Saturday, August 14, 2010

What will 20 Years and a Couch Reveal?

My kids have been acting incredibly normal since I've started blogging about them so there wasn't much to think about recently with the exception of this:

Has anyone else noticed that the "quick code" for MOM on your cell phone is 666??? Hmmm... Spooky. Upon discovering this I chuckled and then started to wonder... about my relationship with my own mom, about the ups and downs of this motherhood gig, and about one of my favorite sayings: "If it's not one thing, it's your mother." I find that as I grow as a parent I either do things exactly the way I was raised or exactly the opposite as I was raised. There's no middle of the road. Does it ever paralyze you with fear when you stop and realize that whatever you say, whatever you do, whoever you bring into their lives and how you treat them or let them treat you is internalized by your children and becomes a part of who they are? ACK!

So my question is: What particular brand of Crazy I am passing on to my children?  I am the enforcer at my house, mostly because my husband works nights and is with the children less than I am. But it is in no small part because if their up-bringing was left up to him alone, they wouldn't know what a trash can or a laundry basket was and their skin would have a permanent orange tinge from whatever it is that makes Beefaroni that color. Totally. Unacceptable. So I am the rule maker (Daddy seconds all motions and is great at backing me up, but somehow always comes out smelling like roses) and I am also the deliver-er of consequences. I am the shrieking maniac that loses her shit when you bounce the ball anywhere but outside. I am the one the Six Year Old hates from time to time and says doesn't "understand" him. For my own mom, it was a sticky floor that made her shit kittens. Even now when I hear that familiar "ccchhht" if my flip flop happens to tread through some day-old juice puddle or I discover a Popsicle grave yard under the table, my heart beats a little bit faster and I scurry for the Wet Jet.

So now I'm wondering what 20 years and a couch will reveal that I've done to my own kids. This job is not pass or fail. Make no mistake, this post is not me boo-hooing that I'm a bad mother - I am confident that I am a fantastic mom and unless you smoke crack instead of buying milk, or abuse your children you should have every confidence in your own maternal fantastic-ness... Says ME. But also embrace the inevitability that you WILL fuck up your kids... living with yourself depends on the degree to which you do it.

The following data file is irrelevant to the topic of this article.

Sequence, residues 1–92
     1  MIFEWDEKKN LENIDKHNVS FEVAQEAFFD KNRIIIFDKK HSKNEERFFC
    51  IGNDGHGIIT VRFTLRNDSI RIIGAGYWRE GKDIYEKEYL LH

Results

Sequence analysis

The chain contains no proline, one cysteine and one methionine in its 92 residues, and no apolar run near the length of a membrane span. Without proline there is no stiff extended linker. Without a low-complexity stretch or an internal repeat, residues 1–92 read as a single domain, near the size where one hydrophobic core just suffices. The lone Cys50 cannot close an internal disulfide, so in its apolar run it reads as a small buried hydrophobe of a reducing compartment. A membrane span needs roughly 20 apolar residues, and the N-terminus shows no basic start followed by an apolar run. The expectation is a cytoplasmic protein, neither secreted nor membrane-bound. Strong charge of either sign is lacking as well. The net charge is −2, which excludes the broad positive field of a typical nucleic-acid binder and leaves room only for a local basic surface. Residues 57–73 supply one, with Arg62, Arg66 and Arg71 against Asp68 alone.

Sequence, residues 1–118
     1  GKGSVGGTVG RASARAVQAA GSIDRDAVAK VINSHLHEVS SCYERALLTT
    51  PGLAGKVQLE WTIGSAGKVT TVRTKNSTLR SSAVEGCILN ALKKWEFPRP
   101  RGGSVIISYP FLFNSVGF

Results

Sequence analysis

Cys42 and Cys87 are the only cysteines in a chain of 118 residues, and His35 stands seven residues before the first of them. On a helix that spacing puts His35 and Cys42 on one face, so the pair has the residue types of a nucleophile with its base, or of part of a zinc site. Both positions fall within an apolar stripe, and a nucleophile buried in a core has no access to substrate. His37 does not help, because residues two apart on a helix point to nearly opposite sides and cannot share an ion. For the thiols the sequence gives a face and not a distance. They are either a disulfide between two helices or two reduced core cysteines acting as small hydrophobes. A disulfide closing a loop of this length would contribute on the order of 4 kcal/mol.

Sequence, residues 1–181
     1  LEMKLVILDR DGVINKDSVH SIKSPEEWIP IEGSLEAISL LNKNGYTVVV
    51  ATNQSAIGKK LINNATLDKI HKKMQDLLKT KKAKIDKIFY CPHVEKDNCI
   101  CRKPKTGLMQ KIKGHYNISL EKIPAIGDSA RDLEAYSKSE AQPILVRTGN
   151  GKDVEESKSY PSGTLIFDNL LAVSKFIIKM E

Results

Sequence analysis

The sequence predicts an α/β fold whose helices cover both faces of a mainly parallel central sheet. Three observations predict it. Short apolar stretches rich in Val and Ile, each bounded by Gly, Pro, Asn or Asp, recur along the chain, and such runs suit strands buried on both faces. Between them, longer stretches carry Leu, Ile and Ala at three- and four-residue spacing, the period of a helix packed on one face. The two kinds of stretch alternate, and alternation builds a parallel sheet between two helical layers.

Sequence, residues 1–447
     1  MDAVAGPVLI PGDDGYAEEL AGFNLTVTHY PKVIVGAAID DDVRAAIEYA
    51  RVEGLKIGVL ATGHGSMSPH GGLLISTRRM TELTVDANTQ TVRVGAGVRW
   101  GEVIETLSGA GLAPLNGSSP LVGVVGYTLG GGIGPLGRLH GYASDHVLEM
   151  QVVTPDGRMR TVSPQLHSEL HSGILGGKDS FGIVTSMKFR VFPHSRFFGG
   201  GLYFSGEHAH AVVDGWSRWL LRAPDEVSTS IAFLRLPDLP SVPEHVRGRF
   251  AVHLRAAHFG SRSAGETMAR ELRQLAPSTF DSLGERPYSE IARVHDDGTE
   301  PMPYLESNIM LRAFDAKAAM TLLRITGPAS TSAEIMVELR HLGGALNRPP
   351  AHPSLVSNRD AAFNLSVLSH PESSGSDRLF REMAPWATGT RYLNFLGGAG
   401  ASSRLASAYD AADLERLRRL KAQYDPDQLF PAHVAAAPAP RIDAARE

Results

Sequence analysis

My mother has the ability to drive me over the edge faster than anyone on the planet with just her tone of voice... She likes to end monologues about issues we have with lines like "well, of course no one else wants to listen to what I have to say. Why should you be any different..." grrrrrrrrrrrrrrrrrr.... "Let me help you off that crucifix, Ma. You're getting blood all over the carpet."

I am grateful everyday for my mother. She is my moral compass and while her advice is not always appreciated on delivery, it is always sound. Her sense of social responsibility and generosity are the little voices that live inside me encouraging me to do for and give to others. That being said, I am also grateful everyday that I have two boys and that I will never have to sustain a relationship with another female like the one I have with my mother. As I sit here I'm remembering the evening my mother and I went shopping for my first bra, and I am forced to wonder what my boys will reflect on later and say, "When I have my own kids, I will NEVER ____________ !"

Growing up I was always chunky and by fourth grade had developed "chubby boobies." I knew that I had developed breasts ahead of my classmates because I was fat, not because of some awesome mega-boob gene that I could learn to love later. One morning I was stretching in the hall way - we were all getting ready to go out to church, when suddenly my father exclaims to my mother as though I were not right in front of them, “My God, dear, it’s about time she should be wearing a bra, isn’t it?” The word horrified had no tangible meaning for me until that very moment. I said a prayer at church that day asking God to make my dad grow boobs.

Several days later I had warmed up to the idea and begged my mom to take me out to get a bra. We headed out to Bradlees and I was filled with a certain understanding that this should be a special milestone for mom and me... wa-waaaaaah (game show "you lose" sound). Enter disappointment and the beginning of "You don't understand me!" I was imagining little strappy numbers with eyelet lace and tiny pink rosettes. What I ended up with is something close to what I could only guess military issue looks like. I can remember wandering up and down the bra aisles, suddenly enchanted by the silky, lacey textures, and then realizing at the same time that one: I was not in charge of this mission, and two: I was definitely in trouble because she was foraging through the boxed Playtex Cross-Your-Heart granny bras. We bought two of the ugliest bras ever made that day. One beige and one white. Now when I think about them, the images conjured in my head are that of a bull-dog faced Nurse Ratchet type named Helga… Translation: this is what fat girls wear. Pretty bras are for the pretty girls. Years later there would be massive credit card debt and a law firm calling me to collect $567.38 charged to Victoria's Secret.

We make mistakes and misunderstand... we blow some of the milestones and never even realize it. I am still too close to it to figure out what sort of damage I'm doing every day. Guess I'll know in 30 years when there's a tell-all book or God help me, a blog. We're not perfect and I don't know about you, but I never claimed to be. And miracle of miracles, our kids still love us despite it all. I love you, mom.

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